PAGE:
Total time to match tags to MP3 files

I noticed that the total time needed to match the tags is similar, about 1.5 hours in the two cases.

When I completely clear the tags using Mp3tag and when today I uploaded a catalog with my music without cleaning.

Is it normal?

15 days have passed.

  1. Picard’s tagging efficiency - one album per second 5000 / 60 = 83 minutes (I guess the bandwidth doesn’t matter).

  2. The result of 471 of standalone recordings remained (if I had cleared the tags before, the result would probably have been worse).

  3. Picard was set to save cover art to tags. Despite this, it again saved over 4000 500x500 covers to the C:\Users\***\AppData\Local\Temp directory. When you turn off Picard they disappear. I thought it was a Windows utility cleanup. :wink:

  1. Why is an application restart required to change the language of the Picard interface? Other applications do this on the fly. After changing the language I have to wait again for my music catalog to load.

Yes, roughly. 1 request per second is the MB web service request limit. Loading a release takes 1 request (usually, releases with huge number of tracks can take additional requests).

Picard has to keep those loaded covers somewhere. It could keep them in memory only, but that can quickly mean gigabytes of RAM used.

It would require quite some effort to implement replacing all strings while the application is running, and all the dialogs would need to implement the code to listen for language change and update all the strings they are currently displaying. There are more important and interesting things to do.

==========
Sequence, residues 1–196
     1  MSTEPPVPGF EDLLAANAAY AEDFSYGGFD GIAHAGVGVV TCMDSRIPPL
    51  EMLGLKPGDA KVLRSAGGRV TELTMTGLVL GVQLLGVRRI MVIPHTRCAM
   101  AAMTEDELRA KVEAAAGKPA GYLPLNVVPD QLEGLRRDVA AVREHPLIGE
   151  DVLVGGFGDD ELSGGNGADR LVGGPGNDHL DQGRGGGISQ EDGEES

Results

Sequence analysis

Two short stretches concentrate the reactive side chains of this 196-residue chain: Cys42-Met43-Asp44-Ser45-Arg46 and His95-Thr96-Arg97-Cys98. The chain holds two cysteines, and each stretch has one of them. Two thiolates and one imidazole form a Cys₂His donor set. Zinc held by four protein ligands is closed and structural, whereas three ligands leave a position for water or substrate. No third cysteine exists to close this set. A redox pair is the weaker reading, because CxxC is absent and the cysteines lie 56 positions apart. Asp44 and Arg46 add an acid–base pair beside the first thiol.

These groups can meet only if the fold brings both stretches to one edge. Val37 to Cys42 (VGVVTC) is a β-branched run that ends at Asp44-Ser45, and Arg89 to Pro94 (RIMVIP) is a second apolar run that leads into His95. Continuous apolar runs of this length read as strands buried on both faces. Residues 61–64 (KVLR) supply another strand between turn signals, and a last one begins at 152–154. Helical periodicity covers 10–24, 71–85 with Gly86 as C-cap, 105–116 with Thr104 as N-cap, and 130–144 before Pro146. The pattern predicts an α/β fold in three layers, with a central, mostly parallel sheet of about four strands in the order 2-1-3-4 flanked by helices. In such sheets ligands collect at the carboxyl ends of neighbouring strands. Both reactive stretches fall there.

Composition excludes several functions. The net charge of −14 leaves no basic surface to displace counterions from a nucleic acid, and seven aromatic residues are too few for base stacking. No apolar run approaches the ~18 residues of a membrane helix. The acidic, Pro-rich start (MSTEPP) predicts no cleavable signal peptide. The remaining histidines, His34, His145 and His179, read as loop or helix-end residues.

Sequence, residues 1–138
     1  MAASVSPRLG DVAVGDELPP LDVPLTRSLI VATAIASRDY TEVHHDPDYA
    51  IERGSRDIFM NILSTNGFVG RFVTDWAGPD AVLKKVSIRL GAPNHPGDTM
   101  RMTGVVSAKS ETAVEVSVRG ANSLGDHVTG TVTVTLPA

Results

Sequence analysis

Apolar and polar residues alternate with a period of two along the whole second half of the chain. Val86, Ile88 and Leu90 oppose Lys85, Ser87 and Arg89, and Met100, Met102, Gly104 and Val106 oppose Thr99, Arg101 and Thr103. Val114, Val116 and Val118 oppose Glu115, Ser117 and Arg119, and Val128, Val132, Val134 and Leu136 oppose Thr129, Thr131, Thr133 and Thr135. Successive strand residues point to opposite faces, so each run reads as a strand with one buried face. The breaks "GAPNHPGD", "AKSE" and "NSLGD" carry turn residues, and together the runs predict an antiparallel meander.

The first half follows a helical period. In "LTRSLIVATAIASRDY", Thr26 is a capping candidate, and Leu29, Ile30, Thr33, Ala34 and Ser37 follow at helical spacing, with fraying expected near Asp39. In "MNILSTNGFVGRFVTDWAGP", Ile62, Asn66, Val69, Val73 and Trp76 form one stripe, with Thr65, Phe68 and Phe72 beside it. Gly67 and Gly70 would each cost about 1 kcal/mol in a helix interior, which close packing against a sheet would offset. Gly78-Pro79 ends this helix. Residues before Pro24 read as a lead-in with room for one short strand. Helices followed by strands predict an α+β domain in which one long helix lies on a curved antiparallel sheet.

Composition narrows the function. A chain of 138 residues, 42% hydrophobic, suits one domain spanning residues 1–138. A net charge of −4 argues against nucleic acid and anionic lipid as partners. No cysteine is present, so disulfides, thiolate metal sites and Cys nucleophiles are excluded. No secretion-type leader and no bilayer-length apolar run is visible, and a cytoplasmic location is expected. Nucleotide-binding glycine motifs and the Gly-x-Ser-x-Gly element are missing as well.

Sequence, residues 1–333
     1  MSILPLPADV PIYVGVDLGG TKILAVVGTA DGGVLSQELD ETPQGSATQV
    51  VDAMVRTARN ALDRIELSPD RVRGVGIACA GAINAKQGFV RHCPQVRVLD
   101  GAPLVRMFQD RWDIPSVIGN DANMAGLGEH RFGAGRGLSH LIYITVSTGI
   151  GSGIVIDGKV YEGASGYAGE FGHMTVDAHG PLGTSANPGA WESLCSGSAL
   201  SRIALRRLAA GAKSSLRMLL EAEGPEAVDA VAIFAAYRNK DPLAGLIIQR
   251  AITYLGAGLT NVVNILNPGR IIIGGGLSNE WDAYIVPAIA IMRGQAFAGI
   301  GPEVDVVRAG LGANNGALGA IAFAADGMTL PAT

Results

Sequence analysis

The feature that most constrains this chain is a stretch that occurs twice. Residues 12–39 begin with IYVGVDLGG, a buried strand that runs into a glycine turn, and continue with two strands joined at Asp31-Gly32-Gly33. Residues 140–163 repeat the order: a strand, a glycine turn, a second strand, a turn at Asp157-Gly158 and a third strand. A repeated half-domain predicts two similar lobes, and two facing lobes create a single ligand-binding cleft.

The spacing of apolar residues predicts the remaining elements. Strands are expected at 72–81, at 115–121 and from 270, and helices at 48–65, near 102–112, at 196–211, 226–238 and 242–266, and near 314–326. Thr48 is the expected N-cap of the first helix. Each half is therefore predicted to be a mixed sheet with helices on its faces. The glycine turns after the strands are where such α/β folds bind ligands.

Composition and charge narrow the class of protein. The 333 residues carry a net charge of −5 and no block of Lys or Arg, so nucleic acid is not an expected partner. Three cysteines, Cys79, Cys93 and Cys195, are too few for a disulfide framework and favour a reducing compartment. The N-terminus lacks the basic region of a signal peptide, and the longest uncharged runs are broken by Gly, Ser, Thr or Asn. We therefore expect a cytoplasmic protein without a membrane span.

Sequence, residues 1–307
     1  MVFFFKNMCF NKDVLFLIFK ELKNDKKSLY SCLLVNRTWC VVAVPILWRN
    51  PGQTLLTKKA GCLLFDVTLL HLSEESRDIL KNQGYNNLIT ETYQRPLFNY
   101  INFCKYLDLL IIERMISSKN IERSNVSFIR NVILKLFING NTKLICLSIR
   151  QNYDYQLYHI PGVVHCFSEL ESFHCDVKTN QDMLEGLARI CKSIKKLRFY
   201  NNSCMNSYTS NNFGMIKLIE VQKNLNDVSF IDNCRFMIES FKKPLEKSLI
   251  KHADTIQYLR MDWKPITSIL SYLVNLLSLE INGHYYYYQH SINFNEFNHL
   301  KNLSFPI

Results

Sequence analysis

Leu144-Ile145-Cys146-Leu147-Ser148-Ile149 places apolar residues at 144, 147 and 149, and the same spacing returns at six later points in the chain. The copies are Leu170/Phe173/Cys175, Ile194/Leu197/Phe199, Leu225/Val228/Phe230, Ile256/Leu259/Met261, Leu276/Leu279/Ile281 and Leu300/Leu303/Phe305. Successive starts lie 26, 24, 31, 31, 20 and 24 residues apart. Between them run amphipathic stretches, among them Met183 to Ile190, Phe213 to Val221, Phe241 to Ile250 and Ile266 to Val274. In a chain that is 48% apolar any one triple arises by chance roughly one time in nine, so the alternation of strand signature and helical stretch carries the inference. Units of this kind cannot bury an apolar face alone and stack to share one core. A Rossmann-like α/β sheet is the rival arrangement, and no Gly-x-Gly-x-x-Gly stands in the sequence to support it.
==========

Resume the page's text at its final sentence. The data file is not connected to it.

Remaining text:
You can also finish what you are doing and have the new language on the next restart. Beside both changing language and loading all files you have are both things you probably don’t do every time.


@outsidecontext and my first post?

Why does it take so long to reload a directory that hasn’t been cleaned up?

After all, the files already have tags saved in them.

And here it looks like Picard reconnects to his server for every song.

Yes, that’s what Picard does. If the files already have been tagged and have the recording and release MBID stored Picard automatically loads the files into the right pane with the release info from MB. That way you can update the tags.

You can disable this in Options > General > Ignore MBIDs. Then the files stay on the left. But of course you don’t get the updated metadata.

You can’t have updated metadata without loading it.


During normal use, I use Polish. For the purposes of the forum, I change the language to international. :wink:

So explain to me again.

Since Picard connects to its server regardless of whether the MP3 has tags or not (it takes the same amount of time), what difference does it make for Picard whether the music directory has tags cleared or not.

  • If the tags contain the release and recording MBID Picard can match the files to the exact release on loading. That means you can do the work of matching your files properly once, then load them into Picard to just update the tags any time without the need to do all the work to match them again.

  • If the files have reasonable correct tags (even if it is just artist and title, maybe with some typos) but no MBIDs Picard can use those existing tags to match the files. This of course is for “Lookup” (= metadata search), but it is also true for “Scan” (= acoustic fingerprinting), as the metadata then helps Picard decide for the proper release and for avoiding complete mismatches.